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Document INF/6-E

14 October 2002

Original: English





Note by the Secretary General


Information paper

Internet Domain Name System Basics


To understand the issues related to Internet domain names, it helps to start with Internet Protocol (IP) addresses.  This is a number that identifies each computer (or application) connected to the Internet.

One might think that this is no different from a telephone number, but this is not quite right.  A telephone number (or at least a fixed-line telephone number) identifies the wire, the line, coming out of a central switch and going to a home or office.  It does not identify the terminal device (the telephone) itself.  There are other important differences between telephone numbers and IP addresses, for more details, please see the paper at: .

But for the purposes of this very summary introduction, all we need to know is that each computer on the Internet is identified by an IP address.  IP addresses are currently 32 bits long.  As the Internet has grown, the number of devices that need IP addresses has grown, leading to the development of a longer form of IP address, the IP address Version 6 (IPv6).  A discussion of the issues related to the transition from current IP addresses to IPv6 is given in the paper referenced above.

But how do we get from IP addresses to domain names?  The Internet was initially implemented as a research and military network.  As its popularity grew, users and administrators found that it was inconvenient to have to remember the IP address (a number) of specific computers or applications, so a system to map user-friendly names to IP addresses was developed.

There are many ways to build such systems.  The method chosen was the well-known hierarchical design.  That is, a hierarchical name space was created.  At the top level, some of the names chosen were "edu" for computers in US universities, "mil" for computers in the US military, "com" for computers in commercial companies, and "int" for international organizations (there are several other so-called generic top-level domain names-gTLDs).  Computers outside the US were under top level codes derived from the ISO list of country codes, for example "fr" for France (these codes are called ccTLDs).  The registration of names under ccTLD codes is typically (but not always) handled by an organization located in the country corresponding to ccTLD code.  This system of mapping names to IP addresses is called the Domain Name System (DNS).  It is comprised of many individual computer systems.  For more details on the DNS, please see the paper at: .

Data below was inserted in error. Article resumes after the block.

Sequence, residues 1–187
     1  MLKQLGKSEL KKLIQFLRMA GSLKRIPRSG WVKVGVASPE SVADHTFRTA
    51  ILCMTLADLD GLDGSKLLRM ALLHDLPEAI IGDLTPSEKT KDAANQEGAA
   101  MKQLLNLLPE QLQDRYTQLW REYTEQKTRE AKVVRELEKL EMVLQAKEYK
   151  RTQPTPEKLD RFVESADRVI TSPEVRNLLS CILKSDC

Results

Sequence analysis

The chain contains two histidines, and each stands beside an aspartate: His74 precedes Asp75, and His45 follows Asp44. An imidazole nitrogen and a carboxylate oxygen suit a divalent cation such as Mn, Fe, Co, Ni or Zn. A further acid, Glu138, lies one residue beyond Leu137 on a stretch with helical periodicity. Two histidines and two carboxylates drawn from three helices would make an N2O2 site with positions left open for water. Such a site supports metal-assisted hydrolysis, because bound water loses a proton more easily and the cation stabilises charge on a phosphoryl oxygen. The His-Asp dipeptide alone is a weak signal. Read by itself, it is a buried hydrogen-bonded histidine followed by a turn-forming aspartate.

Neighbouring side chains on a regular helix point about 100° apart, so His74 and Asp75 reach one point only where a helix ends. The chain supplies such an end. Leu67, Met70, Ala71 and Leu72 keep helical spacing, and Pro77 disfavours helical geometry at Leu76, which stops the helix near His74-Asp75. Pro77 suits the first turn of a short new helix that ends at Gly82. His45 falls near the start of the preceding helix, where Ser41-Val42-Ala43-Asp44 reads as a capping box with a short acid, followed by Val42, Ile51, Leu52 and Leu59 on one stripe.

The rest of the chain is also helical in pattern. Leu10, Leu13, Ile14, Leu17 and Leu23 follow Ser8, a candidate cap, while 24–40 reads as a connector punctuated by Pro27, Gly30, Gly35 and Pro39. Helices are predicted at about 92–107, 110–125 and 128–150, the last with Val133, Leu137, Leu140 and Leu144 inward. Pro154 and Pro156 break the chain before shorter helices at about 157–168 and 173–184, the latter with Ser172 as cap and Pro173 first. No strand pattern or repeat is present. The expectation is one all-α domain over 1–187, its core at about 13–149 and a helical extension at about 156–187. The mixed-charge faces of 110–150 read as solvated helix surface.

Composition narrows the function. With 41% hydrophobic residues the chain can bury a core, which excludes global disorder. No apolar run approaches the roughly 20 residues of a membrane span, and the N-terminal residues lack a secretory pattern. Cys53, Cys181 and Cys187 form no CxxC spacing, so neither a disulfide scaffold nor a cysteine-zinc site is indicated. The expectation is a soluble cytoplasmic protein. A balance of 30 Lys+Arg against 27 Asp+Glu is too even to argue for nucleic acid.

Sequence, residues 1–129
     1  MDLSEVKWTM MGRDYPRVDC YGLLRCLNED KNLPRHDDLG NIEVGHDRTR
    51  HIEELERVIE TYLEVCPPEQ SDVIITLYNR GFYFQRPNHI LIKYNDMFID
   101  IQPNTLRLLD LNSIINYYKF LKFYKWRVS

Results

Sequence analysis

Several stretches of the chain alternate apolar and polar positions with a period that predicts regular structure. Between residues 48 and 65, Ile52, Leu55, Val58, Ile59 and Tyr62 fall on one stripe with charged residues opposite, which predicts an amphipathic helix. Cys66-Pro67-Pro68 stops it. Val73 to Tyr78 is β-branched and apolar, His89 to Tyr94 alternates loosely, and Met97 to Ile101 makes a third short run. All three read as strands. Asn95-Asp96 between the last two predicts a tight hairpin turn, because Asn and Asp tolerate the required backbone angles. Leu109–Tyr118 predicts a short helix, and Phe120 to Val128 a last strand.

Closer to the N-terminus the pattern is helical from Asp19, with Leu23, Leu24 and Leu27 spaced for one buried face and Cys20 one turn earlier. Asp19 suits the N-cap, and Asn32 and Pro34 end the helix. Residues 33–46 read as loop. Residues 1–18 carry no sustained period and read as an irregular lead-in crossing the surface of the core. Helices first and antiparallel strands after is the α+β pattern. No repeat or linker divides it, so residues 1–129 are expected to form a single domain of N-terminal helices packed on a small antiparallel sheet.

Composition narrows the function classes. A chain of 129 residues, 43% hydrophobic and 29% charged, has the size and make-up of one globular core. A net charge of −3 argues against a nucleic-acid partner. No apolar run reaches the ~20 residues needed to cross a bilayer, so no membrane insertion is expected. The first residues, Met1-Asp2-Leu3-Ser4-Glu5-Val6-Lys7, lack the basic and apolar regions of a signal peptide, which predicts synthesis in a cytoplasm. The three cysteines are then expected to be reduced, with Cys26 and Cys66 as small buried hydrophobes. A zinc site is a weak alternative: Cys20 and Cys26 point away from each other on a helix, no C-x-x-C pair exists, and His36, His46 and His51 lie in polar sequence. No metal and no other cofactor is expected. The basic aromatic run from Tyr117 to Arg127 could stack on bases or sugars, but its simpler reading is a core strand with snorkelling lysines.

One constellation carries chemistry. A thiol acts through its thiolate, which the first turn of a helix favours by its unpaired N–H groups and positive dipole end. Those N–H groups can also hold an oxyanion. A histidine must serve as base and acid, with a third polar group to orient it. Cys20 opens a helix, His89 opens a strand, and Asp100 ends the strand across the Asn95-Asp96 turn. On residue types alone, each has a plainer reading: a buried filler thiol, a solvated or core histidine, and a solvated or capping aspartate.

Any number of names can be created under each name at the top level.  The levels are separated by a period (full stop).  For example, there is an entry "itu" under "int".  Any number of names can be created under second-level names.  For example, identifies a computer that is the external web server of the ITU.

Whenever a user types the name (called a domain name), software looks up the name in the hierarchical domain name system and returns the IP address of the external web server of the ITU, allowing users to access the web pages on that computer.  For more details of how the domain name system is actually structured and on how it functions, please see the presentation at: .

There were no real issues with this hierarchical system so long as the Internet was mostly used for research.  But its growing popularity and wide implementation led to calls to remove the restrictions on commercial use that had originally been imposed by the US agencies that had sponsored the development of the network.  Once these restrictions were removed, there was very rapid growth in the names registered under the "com" gTLD.

More importantly, the names started to be used to refer to "real world" objects, rather than just to refer to computers.  For example, the expectation was that "" would refer to the web pages of the real-world ITU, and not just to the web pages of some organization that had chosen to register the domain name "itu", or to some computer that the ITU had chosen to name "www".  This expectation was particularly strong for commercial companies registering domain names in the "com" gTLD.  Trademark owners requested that measures be taken to ensure that their trademarks were not used as domain names by other companies.

In addition, the rapid growth in the demand for domain names led to calls for the introduction of competition in domain name registrations, which had previously been handled mostly by a single organization.

As a result of these pressures, as well as the recognition that the Internet was rapidly evolving into an important international infrastructure and that therefore it was appropriate to revisit the methods that had previously been used to ensure coordination and stable expansion of the domain name system, a series of consultations were initiated, which resulted in the creation of the coordination structure that is in place today.  This and some subsequent developments are described in the introduction to the proposed draft revision of Resolution 102 (DT 30)[1].



[1] See also Plenipotentiary Information Document 4 at



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